There’s a new management team in place now that has steadied the boat and established a plan for growth that’s solid enough to persuade Georgetown Partners to invest another $25 million.

The company’s data sheet indicates that it has grown bookings 62 percent sequentially in Q3 and 116 percent sequentially in Q4.

Learning Opportunities

Teradata Struts its Stuff 

Omnichannel isn’t the only buzzword at the NRF’s BIG Show in the Big Apple this week. ”Big data” is slipping off everyone’s tongue as well. It’s the golden arrow that promises to help retailers do everything from target customers with the right offer at exactly the right time to identifying counterfeit returns.

Teradata, the big data analytics firm, commissioned Forrester Research to conduct a “Total Economic Impact” study to look at ROI and other benefits a flash sales retailer won via the Teradata Aster Discovery Platform over a five year period. It unveiled it at the BIG Show.

Here are some of the wins Forrester found:

  • A return on investment of 106 percent with a payback period of 13.9 months, and a total three-year benefit value of $6.1 million
  • An increase in prospect conversion resulting in direct impact to bottom-line profits 
  • Increased savings from IT and end user productivity
  • Lift in sales from increased marketing efficiency
  • An increase in IT and end user productivity
  • Higher yield from its marketing dollars from important new insights
  • An increase in IT and end user productivity
  • Higher yield from its marketing dollars from important new insights

MemSQL Ups Its Leadership Credentials

One of the nicest things about today’s generation of millennial entrepreneurs is their absolute respect and admiration for those who came before them. One quick look at their leadership teams and you’ll find someone who is decades older than their founders. They practically embody the notion that “We stand on the shoulders of giants.” That might be because they embraced the idea when they were reading about Isaac Newton at Stanford or MIT, or that they couldn’t stop listening to the Oasis album that bears the name.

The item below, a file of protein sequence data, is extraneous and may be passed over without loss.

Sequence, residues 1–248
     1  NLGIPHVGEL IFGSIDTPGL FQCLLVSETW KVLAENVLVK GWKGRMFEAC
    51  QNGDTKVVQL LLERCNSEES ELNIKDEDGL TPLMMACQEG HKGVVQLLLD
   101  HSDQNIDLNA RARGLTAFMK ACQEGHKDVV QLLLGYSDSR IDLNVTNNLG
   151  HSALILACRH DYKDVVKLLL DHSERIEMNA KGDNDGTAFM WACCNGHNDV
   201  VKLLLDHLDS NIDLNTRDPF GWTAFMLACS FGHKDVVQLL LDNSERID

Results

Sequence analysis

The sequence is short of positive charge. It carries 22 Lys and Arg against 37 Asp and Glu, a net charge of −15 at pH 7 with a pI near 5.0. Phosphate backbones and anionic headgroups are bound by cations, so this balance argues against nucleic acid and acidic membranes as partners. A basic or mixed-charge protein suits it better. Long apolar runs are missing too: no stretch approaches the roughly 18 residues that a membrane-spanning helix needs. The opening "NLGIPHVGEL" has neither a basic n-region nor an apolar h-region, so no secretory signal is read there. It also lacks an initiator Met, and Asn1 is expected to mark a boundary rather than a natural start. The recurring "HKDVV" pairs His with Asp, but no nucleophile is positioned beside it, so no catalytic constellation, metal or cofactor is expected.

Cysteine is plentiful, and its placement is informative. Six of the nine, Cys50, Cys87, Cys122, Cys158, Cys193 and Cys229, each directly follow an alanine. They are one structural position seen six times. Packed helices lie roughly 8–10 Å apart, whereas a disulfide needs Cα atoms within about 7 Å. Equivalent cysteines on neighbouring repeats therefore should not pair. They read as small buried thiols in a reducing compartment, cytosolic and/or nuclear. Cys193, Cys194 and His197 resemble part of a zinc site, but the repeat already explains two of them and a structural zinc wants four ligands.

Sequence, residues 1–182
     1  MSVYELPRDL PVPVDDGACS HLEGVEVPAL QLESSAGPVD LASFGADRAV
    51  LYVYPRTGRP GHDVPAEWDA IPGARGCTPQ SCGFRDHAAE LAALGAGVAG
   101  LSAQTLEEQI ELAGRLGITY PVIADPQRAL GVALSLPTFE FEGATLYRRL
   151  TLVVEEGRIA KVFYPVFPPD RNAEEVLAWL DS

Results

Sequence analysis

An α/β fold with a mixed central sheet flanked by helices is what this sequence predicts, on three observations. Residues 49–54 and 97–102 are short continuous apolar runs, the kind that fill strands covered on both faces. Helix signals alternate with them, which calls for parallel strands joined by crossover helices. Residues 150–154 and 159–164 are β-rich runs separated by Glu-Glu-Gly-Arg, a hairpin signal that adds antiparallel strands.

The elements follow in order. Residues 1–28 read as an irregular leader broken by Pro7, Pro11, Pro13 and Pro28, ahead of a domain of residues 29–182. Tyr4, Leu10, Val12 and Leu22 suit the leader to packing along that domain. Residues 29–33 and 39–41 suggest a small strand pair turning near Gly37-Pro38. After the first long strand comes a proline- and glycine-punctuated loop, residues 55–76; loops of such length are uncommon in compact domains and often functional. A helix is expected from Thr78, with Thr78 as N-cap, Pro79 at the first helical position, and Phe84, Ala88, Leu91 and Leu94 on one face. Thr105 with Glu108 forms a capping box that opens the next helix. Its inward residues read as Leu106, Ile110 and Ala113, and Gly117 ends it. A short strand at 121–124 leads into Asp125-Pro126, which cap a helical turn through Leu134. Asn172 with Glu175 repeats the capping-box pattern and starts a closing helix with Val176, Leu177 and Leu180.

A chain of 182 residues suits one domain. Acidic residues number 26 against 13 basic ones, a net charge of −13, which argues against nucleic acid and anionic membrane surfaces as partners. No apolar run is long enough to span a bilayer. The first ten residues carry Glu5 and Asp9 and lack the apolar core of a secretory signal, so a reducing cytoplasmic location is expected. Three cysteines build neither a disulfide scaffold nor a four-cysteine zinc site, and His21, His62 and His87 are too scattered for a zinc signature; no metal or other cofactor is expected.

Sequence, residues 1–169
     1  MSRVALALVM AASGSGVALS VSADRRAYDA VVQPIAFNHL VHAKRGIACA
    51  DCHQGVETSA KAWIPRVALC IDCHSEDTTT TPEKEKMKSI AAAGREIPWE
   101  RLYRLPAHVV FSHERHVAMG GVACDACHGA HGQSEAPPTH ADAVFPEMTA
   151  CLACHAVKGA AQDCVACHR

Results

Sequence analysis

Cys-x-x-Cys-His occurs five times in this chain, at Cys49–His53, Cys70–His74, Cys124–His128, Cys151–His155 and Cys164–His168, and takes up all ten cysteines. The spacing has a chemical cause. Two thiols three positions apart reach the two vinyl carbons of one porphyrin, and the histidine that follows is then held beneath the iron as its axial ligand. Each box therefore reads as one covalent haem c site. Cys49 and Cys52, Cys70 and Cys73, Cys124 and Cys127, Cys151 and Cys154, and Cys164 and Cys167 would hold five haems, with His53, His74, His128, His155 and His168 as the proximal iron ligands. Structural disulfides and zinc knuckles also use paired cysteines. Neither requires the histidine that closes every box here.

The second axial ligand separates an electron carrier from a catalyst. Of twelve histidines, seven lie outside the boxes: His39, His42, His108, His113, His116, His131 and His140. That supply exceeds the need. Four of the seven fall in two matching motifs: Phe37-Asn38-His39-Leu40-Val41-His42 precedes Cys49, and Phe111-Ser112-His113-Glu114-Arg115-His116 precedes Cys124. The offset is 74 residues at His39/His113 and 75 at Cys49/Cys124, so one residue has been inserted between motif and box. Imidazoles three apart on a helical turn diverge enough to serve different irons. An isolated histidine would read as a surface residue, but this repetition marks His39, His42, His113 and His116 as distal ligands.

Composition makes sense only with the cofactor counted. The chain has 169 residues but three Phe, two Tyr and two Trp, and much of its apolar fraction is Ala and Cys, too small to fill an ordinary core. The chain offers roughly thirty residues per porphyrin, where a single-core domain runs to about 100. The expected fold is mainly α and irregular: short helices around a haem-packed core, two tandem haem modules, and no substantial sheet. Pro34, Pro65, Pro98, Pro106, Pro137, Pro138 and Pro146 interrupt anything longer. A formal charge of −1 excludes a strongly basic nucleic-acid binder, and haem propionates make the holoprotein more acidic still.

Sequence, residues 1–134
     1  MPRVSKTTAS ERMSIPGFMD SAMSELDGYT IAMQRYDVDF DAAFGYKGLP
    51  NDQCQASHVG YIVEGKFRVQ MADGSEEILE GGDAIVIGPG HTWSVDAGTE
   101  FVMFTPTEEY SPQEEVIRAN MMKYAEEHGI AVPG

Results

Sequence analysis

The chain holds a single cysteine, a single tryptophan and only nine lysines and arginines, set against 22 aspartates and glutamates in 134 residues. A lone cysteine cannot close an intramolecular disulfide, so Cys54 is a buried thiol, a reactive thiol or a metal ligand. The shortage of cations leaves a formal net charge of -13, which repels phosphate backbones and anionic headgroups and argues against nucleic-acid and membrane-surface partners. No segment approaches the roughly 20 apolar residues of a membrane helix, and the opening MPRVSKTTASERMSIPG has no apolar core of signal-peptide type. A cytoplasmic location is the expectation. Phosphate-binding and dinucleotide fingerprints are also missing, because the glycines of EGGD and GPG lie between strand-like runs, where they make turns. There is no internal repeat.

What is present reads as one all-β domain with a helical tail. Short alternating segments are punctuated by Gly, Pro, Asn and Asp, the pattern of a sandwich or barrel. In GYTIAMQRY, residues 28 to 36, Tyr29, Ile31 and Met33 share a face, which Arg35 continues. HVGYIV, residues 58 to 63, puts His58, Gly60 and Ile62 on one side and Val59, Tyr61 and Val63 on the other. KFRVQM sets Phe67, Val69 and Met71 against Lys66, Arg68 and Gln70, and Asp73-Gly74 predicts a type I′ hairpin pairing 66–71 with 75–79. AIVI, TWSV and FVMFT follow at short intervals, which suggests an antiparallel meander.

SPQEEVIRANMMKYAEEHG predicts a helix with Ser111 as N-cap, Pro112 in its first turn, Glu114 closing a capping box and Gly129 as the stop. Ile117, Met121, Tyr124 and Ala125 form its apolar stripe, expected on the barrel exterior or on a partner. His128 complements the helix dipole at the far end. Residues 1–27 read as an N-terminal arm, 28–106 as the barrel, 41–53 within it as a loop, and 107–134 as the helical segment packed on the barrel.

In either case, earlier today, MemSQL co-founder and CEO Eric Frenkiel announced that database visionary, Jerry Held, would be joining company in the role of Executive Chairman. Held, who led the initial development of INGRES in the 1970’s at U C Berkeley, holds the resume of a database giant. He has held leadership positions at Tandem, Vertica, Business Objects and Oracle.

What will he bring to the lightning fast in-memory relational database start-up that would like to give the SAP HANA and Oracle a run for their money? Experience, counsel and connections, from our point of view. Frenkiel puts it a bit differently.

“An unparalleled track record in growing and leading highly successful database businesses that have transformed the industry,” he said, adding, “The addition of Jerry's experience, leadership and vision will accelerate the impact of our distributed in-memory database, and the real-time benefits it brings to customers."

MemSQL positions itself as the world’s fastest SQL database platform.